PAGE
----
Today John Tierney — while visiting Lower Manhattan — discusses global warming with Bjorn Lomborg in his science column in The New York Times. The article concludes with these thoughts:
The biggest limitation to his cost-benefit analyses is that no one knows exactly what global warming will produce. It may not be worth taking expensive steps to forestall a one-foot rise in the sea level, but what if the seas rise much higher? Dr. Lomborg’s critics argue that we owe it to future generations to prepare for the worst-case projections.
But preparing for the worst in future climate is expensive, which means less money for the most serious threats today — and later this century. You can imagine plenty of worst-case projections that have nothing to do with climate change, as Dr. Lomborg reminded me at the end of our expedition.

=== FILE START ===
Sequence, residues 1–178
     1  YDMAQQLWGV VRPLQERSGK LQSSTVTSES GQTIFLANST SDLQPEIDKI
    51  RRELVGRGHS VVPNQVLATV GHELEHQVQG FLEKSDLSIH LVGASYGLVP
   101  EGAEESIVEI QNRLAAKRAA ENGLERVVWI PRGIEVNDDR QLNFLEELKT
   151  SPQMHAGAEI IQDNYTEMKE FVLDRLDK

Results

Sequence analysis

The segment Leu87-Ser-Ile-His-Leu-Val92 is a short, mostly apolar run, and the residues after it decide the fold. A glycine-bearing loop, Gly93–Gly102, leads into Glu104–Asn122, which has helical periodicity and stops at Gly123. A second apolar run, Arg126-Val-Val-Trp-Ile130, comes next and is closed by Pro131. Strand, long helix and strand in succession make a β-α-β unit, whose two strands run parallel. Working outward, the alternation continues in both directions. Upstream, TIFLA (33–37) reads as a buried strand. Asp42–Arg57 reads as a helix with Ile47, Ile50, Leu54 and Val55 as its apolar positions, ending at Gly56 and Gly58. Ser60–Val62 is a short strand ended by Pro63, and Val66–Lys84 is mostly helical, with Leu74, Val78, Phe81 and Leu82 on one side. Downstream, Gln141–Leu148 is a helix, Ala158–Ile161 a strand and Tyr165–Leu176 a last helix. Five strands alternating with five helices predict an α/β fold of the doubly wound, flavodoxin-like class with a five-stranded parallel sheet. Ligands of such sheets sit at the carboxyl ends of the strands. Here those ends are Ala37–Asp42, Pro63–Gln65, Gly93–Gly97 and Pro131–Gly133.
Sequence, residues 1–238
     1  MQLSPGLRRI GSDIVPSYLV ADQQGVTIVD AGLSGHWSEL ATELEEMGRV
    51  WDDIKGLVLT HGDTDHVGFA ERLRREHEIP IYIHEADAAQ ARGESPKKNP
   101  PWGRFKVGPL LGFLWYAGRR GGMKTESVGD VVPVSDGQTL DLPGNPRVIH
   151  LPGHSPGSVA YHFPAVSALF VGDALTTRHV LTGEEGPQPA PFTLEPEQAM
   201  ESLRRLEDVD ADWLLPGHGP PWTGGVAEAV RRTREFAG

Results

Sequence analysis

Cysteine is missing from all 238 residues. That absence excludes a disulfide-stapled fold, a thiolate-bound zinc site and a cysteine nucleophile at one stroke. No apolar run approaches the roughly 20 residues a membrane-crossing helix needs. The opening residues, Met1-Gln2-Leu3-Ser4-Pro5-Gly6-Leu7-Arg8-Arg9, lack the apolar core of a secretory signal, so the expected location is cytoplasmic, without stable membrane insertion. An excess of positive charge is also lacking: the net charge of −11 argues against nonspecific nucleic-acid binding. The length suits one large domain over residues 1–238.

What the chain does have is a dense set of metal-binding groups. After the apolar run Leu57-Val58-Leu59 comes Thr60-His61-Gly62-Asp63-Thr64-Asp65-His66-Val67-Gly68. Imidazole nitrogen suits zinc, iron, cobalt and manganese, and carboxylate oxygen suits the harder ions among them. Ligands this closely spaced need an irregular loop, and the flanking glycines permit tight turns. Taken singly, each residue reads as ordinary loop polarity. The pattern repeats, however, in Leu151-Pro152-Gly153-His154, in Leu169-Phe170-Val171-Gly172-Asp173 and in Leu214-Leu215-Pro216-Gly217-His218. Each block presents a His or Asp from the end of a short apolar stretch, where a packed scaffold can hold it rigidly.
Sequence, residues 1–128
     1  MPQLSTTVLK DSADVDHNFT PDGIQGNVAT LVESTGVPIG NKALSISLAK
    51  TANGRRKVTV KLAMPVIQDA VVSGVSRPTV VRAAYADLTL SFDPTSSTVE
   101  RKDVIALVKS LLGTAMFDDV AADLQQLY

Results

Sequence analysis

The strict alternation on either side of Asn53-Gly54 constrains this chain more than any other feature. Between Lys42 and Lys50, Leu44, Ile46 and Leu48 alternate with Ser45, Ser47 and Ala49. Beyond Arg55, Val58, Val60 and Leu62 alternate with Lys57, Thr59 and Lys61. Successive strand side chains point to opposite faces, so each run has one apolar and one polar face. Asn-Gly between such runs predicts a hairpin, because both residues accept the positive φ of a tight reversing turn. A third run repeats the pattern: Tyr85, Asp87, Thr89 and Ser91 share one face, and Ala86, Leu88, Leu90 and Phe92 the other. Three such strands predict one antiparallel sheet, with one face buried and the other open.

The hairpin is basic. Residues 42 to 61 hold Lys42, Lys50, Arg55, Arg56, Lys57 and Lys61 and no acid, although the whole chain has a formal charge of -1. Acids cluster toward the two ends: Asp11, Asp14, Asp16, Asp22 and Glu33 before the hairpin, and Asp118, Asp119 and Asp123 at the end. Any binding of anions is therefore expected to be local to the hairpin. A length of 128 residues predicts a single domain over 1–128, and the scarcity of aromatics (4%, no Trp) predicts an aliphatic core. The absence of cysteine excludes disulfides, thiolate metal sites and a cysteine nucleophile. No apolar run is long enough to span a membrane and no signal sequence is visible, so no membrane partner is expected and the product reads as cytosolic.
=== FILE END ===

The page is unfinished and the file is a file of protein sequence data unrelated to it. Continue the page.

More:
“No historian would look back at the last two centuries and rank the rising sea level here as one of the city’s major problems,” he said, sitting safely dry and cool inside the Bridge Cafe. “I don’t think our descendants will thank us for leaving them poorer and less healthy just so we could do a little bit to slow global warming. I’d rather we were remembered for solving the other problems first.”
Check out the reader responses — most attacking Tierney and/or Lomborg — here.